Nothing is better than finding gems among thousands of recycled clothes. Whether you head to the Salvation Army, Goodwill, or local thrift stops and secondhand clothing shops, you'll sure to find something interesting and for a cheap price. Need black pants, a plain colored shirt, maybe even a vest or a hat: these are the places to look. I found an old brown jacket that matched the Indiana Jones style quite well. It didn't cost nearly as much as buying it new.

Myself as Mikasa from Attack on Titan (minus the cape). I got a cheap, brown jacket from Goodwill and added the Survey Corps Logo with paper and pins.

On many occasions, I've found the perfect piece to complete my outfit by searching through racks of clothes. Paying little for such a prize definitely feels good when you dress up and look spectacular. You might even be able to find shoes, props, and other such items to help you really pull of the quest of the decent cosplay.

My church had a western-themed VBS, so I found a cheap plaid shirt to wear, added a handkerchief, used my Indiana Jones hat, and added a fake mustache to seal the deal. I'm ready for Woody's Round-Up any day!

Tip #4: Make Something

While I know not everybody can sew or design a entire costume on their own (I know I can't), you might be able to make something small toward your outfit by thinking creatively. Fabric can be pricey, but if you're looking for a decent cosplay and you're willing to spend the money for a perfect fit, you might want to think about making something from scratch. You might also want to look around your house and stash to see if there's any fabrics or other items you've already collected that could be useful. In addition, if you can make something that you can use multiple times it's even better. I made a green cape for an Attack on Titan costume, but since then I've dressed as an elf and a hobbit and used it. There's a lot of possibilities for multiple uses of costume pieces.

Picture One: Myself as Mikasa from Attack on Titan. Picture Two: Myself as an Elf and my friend Anna as a hobbit.
I used the same cape and the same pair of boots! :)

I know of someone who is making a dress for every month of the year this year. While she's definitely over-the-top and talented, I adore her pictures. She's been using old dresses, t-shirts, and anything else fabric-wise to create the outfits; and she's asked other people to donate anything they don't want for her to use. My mom also has made numerous accessories for outfits myself or others that have cosplayed in the past. She has made a fez and peter pan-style hats out of felt, a gas mask made of bubble wrap and paper, and even a K9 (from Doctor Who) hat out of a shoe box for a little boy to wear. In addition, I'm positive there are plenty of DIY instructions for various cosplay outfits or costumes out there on the internet.

Picture One: my friend, Erinn, and myself as Dr. River Song and the Raggedy Doctor with homemade sonic screwdriver (read below for more on that).
Picture Two: my dad, my little buddy, Luke, and myself as the Fourth Doctor, K9, and Sarah Jane Smith. My aunt made the Who Scarf and my mom made the K9 hat. The TARDIS was also made by my mom's friends and adds to the photo.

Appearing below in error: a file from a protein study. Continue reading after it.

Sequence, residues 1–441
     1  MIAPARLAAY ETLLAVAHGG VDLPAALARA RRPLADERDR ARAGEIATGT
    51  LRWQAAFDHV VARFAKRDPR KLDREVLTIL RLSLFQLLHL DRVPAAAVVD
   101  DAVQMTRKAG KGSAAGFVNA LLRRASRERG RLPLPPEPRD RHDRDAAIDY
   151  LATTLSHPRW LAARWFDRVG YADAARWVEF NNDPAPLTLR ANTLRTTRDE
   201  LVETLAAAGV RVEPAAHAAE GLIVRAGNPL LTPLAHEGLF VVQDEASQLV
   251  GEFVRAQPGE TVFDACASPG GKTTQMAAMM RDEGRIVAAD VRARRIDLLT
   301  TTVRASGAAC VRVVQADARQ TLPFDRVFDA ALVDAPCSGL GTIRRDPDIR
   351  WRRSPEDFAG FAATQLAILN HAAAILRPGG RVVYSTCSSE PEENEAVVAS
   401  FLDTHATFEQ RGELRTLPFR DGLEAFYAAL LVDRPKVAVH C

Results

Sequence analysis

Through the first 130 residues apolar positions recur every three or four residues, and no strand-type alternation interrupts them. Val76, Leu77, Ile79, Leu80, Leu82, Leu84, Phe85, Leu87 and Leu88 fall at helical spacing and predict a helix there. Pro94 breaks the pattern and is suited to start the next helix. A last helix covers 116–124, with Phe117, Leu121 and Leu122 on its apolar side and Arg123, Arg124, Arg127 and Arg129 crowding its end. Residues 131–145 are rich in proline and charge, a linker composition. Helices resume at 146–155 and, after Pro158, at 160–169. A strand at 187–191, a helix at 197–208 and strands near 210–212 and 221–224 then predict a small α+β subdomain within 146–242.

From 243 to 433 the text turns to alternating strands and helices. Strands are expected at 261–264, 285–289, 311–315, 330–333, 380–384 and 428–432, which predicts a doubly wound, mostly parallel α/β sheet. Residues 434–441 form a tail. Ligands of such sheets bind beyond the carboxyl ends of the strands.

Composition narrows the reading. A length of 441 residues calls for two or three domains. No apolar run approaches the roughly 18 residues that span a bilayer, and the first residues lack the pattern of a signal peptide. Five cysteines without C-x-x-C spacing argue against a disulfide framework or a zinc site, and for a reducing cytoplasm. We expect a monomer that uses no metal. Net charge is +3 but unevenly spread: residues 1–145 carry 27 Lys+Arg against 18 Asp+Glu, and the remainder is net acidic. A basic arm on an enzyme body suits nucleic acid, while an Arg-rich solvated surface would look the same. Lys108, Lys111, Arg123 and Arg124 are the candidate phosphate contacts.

Sky again. For Halloween last year, I cosplayed as Bucky Barnes. It may have seemed impossible, but I was determined to make it work. Of course, the hardest thing to figure out is how to make a metal arm. Never fear! That's what tin foil and a red solo cup is for.

I took a leather jacket and taped tin foil to it, then cut a red star out of a solo cup. While it fell apart rather quickly towards the end of the night, it worked well for the moment, and I felt totally cool. Everyone should dress up as an assassin at least once in their life.


Tip #5: Buy Something

Now I know we're going for cost-efficiency here, but sometimes you might just have to spend a little bit of money. There might be certain items or details you can't make no matter how hard you try. That's okay. Spending a little money--as long as you try your best to be efficient with most of the costume--is okay.

So this isn't an "official" cosplay, but I was stoked for Star Trek Into Darkness and wore my Star Trek uniform shirt I bought from a Cheez-Its special from the first reboot Star Trek movie. And I finally got a picture with Benedict Cumberbatch (note: poster in my hand). Cosplays can be small things like wearing the right shirt.

For one my cosplays I dressed as Peter Pan and I needed a green shirt. I didn't go some place expensive and find the best green shirt in the world. I knew I was going to cut pieces off and make it look like Peter Pan's ragged, jungle-boy shirt. So I bough a cheap, $5 t-shirt from Wal-Mart and found brown fabric at home to make myself a belt. I've also created my own TARDIS shirt with the same method: I bought a cheap t-shirt of the right color and drew the black lines of the squares and scrawled "Bad Wolf" on the back in white paint.  I didn't worry about having the right color of pants or shoes, I just went with the top half of my costume looking superb. If you have to buy something, budgeting and contemplating money spending is a good way to not spend loads of money.

Obviously Peter Pan, complete with a shadow and pixie dust sparkles! :) 

Tip #6: Location, Poses, and Props